Following The Goalkeeper's Fear of the Penalty (1972), Wrong Move was Wenders' second film collaboration with his friend Handke, who was already a respected author. Handke wrote the screenplay two years after his mother had killed herself, which had deeply affected him and influenced the story's dark tone.
The film was shot over four weeks, including from a helicopter over the Elbe River. Landscape shots in the film were inspired by the 18th century paintings of German artist Caspar David Friedrich.
The film marks the debut of Nastassja Kinski, who Wenders' wife discovered in a disco in Munich. She appeared topless in Wrong Move and was 12 years old at the time of filming. Later, she played one of the leading roles in Wenders' film Paris, Texas (1984), as well as appearing in his Faraway, So Close (1993).
In 2008, Chris Petit of The Guardian said initial reaction to Wrong Move was that "it felt talky and clotted, but now looks among the best of the work and much more considered than the popular Wings of Desire (1987)." Critic Richard Brody writes in The New Yorker that Wrong Move is one of Wenders' best films, calling it "a virtual documentary of West German sights and moods." Dave Kehr, writing for the Chicago Reader, states "It's Wenders's most dour film, and the grim tone takes its toll. There is, though, a solid and disturbing talent at work here." Jonathan Romney calls it "a film dense with philosophizing and speechifying, and the most thoroughly literary of all Wenders’s films." TV Guide states that Wrong Move is "engaging" because of Wenders' direction, in spite of its emotional distance and unsympathetic characters.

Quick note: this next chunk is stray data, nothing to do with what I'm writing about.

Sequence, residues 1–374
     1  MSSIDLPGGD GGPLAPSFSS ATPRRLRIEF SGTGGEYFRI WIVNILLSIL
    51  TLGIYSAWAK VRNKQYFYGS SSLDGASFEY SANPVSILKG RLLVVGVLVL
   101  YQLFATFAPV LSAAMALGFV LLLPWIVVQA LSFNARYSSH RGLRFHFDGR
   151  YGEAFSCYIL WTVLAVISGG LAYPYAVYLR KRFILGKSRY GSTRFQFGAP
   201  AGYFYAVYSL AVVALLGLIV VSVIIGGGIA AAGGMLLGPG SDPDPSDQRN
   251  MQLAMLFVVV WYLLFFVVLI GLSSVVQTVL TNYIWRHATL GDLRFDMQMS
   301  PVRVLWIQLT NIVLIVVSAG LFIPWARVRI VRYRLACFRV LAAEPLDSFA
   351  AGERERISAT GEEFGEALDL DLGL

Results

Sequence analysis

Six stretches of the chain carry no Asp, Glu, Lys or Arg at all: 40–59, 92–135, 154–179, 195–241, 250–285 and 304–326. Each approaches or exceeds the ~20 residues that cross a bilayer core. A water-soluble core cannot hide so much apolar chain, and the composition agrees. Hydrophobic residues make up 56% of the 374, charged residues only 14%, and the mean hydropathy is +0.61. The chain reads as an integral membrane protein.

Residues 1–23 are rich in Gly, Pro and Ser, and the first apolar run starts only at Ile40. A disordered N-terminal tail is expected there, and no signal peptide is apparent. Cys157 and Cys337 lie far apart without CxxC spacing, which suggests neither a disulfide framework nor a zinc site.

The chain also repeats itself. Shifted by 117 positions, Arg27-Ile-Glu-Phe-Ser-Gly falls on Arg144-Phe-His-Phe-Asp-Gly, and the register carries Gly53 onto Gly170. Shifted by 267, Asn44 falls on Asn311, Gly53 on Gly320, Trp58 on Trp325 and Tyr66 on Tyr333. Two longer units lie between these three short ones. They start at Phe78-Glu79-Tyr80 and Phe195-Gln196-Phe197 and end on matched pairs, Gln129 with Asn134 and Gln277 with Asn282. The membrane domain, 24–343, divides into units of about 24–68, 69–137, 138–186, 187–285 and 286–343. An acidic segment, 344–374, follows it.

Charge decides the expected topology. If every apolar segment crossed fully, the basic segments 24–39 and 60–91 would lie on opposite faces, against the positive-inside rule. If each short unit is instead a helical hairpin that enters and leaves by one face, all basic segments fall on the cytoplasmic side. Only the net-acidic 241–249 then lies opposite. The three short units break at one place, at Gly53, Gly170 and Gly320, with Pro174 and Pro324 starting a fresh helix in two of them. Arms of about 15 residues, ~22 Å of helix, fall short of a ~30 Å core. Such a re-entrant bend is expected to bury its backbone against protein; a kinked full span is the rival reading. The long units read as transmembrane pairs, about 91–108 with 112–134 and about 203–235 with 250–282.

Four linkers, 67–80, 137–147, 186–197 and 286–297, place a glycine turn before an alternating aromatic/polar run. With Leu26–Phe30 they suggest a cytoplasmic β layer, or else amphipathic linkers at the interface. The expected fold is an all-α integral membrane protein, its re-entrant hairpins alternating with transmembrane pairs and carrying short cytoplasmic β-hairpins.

However, Time Out states that Wrong Move was unusual for Wenders' filmography, finding fault in Handke's screenplay. Evaluating how it fit the "Road Movie trilogy," The A.V. Club asserts "it’s unlikely that anyone saw Wenders’ next film, Wrong Move, as any sort of sequel to Alice, spiritual or otherwise." However, the A.V. Club goes on to suggest that in being "far uglier and more depressive than the trilogy’s bookends," it "perhaps serves as a necessary corrective to the other two films, suggesting as it does that there’s no escaping one’s own inner nature."
- Richard Brody, "Wrong Move," The New Yorker, URL accessed 9 June 2016.
- James Robison, "Wrong Move: Utter Detachment, Utter Truth," The Criterion Collection, 1 June 2016, URL accessed 9 June 2016.
- Jonathan Romney, "Film of the Week: Wrong Move," Film Comment, 15 April 2016, URL accessed 9 June 2016.
- "The Wrong Move," Toronto International Film Festival, URL accessed 10 July 2016.
- David Jenkins, "Nastassja Kinski interview: 'I've had such low self-esteem'," The Telegraph, 6 February 2015, URL accessed 9 June 2016.
- Chris Petit, "King of the road," The Guardian, 5 January 2008, URL accessed 10 July 2016.
- Dave Kehr, "The Wrong Move," Chicago Reader, URL accessed 9 June 2016.
- "Wrong Move," TV Guide, URL accessed 9 June 2016.
- "Wrong Movement," Time Out, URL accessed 9 June 2016.
- Mike D'Angelo, "Criterion offers a loose trilogy from Wim Wenders, king of the road movie," The A.V. Club, 28 May 2016, URL accessed 10 July 2016.
- "Deutscher Filmpreis, 1975," Deutscher Filmpreis, URL accessed 9 June 2016.